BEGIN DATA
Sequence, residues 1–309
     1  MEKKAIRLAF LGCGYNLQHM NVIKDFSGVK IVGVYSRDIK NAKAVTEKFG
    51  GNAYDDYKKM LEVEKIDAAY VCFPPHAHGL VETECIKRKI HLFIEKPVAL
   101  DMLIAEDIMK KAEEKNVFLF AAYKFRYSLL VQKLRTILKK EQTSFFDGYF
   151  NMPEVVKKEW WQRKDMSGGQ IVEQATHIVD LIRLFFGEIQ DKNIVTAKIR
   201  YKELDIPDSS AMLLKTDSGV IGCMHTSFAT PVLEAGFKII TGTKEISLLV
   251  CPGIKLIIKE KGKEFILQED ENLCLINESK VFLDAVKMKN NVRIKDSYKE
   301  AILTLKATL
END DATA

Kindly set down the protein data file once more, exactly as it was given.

Sequence, residues 1–309
     1  MEKKAIRLAF LGCGYNLQHM NVIKDFSGVK IVGVYSRDIK NAKAVTEKFG
    51  GNAYDDYKKM LEVEKIDAAY VCFPPHAHGL VETECIKRKI HLFIEKPVAL
   101  DMLIAEDIMK KAEEKNVFLF AAYKFRYSLL VQKLRTILKK EQTSFFDGYF
   151  NMPEVVKKEW WQRKDMSGGQ IVEQATHIVD LIRLFFGEIQ DKNIVTAKIR
   201  YKELDIPDSS AMLLKTDSGV IGCMHTSFAT PVLEAGFKII TGTKEISLLV
   251  CPGIKLIIKE KGKEFILQED ENLCLINESK VFLDAVKMKN NVRIKDSYKE
   301  AILTLKATL